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Service says $22k for new battery on 2012 Model S

cmc1671

Member
Mar 1, 2020
12
24
El Dorado County, CA
I see from another thread that your car is a 60, not a 85. This might explain why they pulled the 85 out of the table: the core charge is not the same between a failed 85 and a failed 60 battery I guess. If Tesla offers the reman 85 to 60 owners at the same price, that is also odd actually.
Typo in my original post. Checked the original battery sticker under the car: 85kwh, 400V. They are replacing with a remanufactured version of the same battery, part# BATT,S3,BA,REMAN,MODELS(1088815-01-A). I asked for a 90kwh battery knowing that is an option - "not available".
 
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cmc1671

Member
Mar 1, 2020
12
24
El Dorado County, CA
Per the Tesla SC manager, the battery on an out of warranty HV battery replacement (regardless of new or remanufactured) is 4 years. There was a 4-way valve coolant leak found when they removed our battery which the SC said "could" have contributed to it's failure. However, no low coolant or other warnings popped up before the HV battery limitation warning.
 

krishna3812

Member
Jan 7, 2021
42
40
Newyork
Per the Tesla SC manager, the battery on an out of warranty HV battery replacement (regardless of new or remanufactured) is 4 years. There was a 4-way valve coolant leak found when they removed our battery which the SC said "could" have contributed to it's failure. However, no low coolant or other warnings popped up before the HV battery limitation warning.
Better to get that in writing since I saw sc folks talking B's if you go to different sc next time.
 

Rusty1

Member
Sep 13, 2017
141
139
Ooltewah, TN
Yeah definitely agree here in terms of running a hugh risk owning tesla after warranty. I think if there are enough backlash on those early owners hopefully tesla changes their stance and lower the battery cost. It seems to me they haven't even after all these years.

As for warranty on thr battery, it is a crap shoot really. Gurber can't warranty it because they don't know if another cell will fail afterwords. They are selling a service not something physical so warranty can't apply here. As for tesla, sure they can sell warranty, but given how they have data on this, you are right on why they refuse to do unlimited miles.

In any case the only solution is battery rental where the risk is no longer on the customer but with battery manufacture.
Would you pay $5K/yr for battery rental?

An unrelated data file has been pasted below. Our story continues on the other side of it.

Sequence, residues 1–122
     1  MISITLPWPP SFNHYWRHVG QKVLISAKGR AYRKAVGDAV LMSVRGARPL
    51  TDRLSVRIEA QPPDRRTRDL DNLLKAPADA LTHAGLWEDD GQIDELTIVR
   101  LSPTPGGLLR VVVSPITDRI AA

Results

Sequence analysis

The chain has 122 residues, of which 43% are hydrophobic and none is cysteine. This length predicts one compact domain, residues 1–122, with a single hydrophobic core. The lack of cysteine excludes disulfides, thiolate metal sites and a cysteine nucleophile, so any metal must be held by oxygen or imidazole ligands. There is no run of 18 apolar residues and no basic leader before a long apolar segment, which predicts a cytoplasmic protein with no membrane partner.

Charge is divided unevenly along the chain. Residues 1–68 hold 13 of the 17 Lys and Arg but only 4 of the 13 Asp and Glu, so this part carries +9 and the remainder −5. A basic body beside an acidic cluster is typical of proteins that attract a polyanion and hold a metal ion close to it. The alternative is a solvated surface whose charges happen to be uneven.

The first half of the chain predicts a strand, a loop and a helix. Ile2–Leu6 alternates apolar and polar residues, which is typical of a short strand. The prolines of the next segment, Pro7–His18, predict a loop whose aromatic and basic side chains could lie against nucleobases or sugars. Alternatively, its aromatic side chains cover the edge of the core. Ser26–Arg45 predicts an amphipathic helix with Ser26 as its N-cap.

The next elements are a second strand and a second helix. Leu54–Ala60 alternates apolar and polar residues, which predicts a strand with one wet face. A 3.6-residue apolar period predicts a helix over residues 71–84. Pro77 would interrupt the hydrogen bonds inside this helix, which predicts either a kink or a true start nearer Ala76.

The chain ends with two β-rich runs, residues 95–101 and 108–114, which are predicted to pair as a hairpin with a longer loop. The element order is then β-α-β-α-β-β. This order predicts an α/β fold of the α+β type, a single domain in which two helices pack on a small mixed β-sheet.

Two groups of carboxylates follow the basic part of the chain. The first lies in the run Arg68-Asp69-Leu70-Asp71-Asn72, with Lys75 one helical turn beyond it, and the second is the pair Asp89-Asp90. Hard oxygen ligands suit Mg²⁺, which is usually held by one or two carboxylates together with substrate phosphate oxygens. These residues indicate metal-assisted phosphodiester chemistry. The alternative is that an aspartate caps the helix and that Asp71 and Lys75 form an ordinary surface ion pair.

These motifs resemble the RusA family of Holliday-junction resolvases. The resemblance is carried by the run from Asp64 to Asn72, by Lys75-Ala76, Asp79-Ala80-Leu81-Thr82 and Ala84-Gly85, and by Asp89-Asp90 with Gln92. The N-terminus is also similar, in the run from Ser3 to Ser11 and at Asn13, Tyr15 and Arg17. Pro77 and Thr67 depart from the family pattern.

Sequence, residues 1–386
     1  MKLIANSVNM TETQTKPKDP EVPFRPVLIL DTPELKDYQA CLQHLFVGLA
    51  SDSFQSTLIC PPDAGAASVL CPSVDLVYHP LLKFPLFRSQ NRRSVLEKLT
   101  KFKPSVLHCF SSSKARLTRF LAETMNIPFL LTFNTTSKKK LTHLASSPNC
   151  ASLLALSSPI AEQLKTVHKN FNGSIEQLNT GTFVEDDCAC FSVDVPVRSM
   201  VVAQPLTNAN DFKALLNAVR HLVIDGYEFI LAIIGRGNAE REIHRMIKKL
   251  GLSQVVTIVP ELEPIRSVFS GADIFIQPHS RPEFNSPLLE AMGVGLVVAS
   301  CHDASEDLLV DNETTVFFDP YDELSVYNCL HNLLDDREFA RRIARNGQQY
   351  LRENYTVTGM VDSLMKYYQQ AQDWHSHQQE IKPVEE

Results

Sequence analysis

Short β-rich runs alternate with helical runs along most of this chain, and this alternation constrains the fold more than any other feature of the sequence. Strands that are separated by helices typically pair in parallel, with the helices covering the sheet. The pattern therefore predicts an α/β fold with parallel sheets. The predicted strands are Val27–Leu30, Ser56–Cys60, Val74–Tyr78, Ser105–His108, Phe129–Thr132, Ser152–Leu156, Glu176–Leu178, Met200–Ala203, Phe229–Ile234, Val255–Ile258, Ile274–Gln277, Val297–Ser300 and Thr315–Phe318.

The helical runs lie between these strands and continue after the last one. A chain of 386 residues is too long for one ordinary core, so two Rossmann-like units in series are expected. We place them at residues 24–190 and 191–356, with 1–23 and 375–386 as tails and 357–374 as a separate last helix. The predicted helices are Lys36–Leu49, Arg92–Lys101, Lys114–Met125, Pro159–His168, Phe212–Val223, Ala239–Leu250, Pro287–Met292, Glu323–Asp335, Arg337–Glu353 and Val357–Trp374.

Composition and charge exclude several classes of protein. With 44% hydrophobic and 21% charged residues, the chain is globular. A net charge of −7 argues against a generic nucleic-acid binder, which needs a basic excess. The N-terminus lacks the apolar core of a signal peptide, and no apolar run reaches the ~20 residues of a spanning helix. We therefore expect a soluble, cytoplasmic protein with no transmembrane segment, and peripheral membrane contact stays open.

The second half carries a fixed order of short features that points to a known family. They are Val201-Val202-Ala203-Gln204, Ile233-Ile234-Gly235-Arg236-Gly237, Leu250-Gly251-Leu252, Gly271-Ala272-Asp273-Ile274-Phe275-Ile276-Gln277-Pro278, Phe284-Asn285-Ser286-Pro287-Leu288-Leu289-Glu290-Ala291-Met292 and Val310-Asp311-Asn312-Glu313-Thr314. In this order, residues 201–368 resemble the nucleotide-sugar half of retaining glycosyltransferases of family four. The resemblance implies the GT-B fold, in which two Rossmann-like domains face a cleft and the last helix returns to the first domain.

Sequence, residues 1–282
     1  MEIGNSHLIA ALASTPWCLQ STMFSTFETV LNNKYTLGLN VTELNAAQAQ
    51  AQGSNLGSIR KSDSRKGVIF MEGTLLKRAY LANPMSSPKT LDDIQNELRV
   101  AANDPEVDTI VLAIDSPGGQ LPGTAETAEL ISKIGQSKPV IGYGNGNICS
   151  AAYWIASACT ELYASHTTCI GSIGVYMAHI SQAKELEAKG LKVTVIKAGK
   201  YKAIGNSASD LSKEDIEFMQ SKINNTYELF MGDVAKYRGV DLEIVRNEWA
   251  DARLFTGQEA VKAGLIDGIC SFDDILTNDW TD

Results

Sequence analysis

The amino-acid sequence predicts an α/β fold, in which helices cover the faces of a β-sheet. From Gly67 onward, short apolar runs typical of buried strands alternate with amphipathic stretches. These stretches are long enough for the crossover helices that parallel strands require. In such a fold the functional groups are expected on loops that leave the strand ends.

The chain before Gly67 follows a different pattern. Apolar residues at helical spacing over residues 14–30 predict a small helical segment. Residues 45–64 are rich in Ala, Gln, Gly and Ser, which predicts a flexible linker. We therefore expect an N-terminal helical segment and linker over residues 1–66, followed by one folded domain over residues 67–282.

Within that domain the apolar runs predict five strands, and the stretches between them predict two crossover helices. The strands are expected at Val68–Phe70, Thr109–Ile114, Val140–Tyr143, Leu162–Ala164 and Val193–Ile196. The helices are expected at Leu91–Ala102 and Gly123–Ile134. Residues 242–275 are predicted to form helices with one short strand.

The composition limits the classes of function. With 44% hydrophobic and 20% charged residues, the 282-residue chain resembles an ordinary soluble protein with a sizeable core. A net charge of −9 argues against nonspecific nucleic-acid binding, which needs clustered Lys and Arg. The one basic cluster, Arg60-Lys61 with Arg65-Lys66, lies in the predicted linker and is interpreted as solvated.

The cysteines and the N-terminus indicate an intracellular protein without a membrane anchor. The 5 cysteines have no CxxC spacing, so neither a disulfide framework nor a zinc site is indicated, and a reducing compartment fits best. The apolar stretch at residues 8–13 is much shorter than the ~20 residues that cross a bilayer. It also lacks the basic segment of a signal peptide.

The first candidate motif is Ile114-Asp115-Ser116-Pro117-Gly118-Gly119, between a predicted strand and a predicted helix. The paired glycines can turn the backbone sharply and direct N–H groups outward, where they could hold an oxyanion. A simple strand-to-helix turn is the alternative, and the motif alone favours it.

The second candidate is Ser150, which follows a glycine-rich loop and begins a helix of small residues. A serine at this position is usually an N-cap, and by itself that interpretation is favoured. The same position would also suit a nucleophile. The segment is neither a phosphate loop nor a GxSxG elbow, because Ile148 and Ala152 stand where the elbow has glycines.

No2DinosaurFuel

Active Member
Apr 16, 2015
1,407
859
San Diego, California
Would you pay $5K/yr for battery rental?
Depends on what I am getting. If it is for my current pack, definitely not. It has slow charging and super low range. Yes I know it is more than the battery to get faster charging.

But if they upgraded my cables wiring in my car to support much higher charging rate, and upgrade me to a higher capacity battery to net me sustained 250KW charging, and a legit 600+ miles range pack throughout the rental period, and let me keep unlimited free charging at their stations then maybe... Obviously this pack doesn't exist yet, but that is what $5K/year is worth to me.
 
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Rusty1

Member
Sep 13, 2017
141
139
Ooltewah, TN
I think Tesla should make an effort to make a battery pack available that includes newer cells that work with older cars. (I.e newer Model S batteries in P85, etc.). That way we get improved chemistry and module design.
 

tga

Supporting Member
Supporting Member
Apr 8, 2014
4,022
2,986
New Hampshire
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cduzz

Member
Jun 6, 2019
427
562
boston ma
Not sure what warrants a disagree here, when it's well established that the 85kWh pack is not an 85kWh pack (81.5kWh total, 77.5 kWh usable).

Ref - Tesla Motors: PLEASE stop lying about specifications (60 to 75 upgrade)

Are you the guy known at the hardware store as "You know, it's not actually 2 inches by 4 inches" and at the MacD are known as "Royale with cheese" because you constantly ask them if it is a quarter pound *after* it is cooked?

If you measure out your house, it'll probably have less living space than was advertised because walls have volume and maybe some of that space is taken up by HVAC.

Sure, you're "correct"; you're not getting an "85 kWh battery" but a something else. It turns out that sometimes, especially with advertising and product segmentation, a company won't be absolutely precise.

Oh well; my dog things she's chasing trucks away when she barks at them; you think you're making a point or convincing people. I doubt either will stop.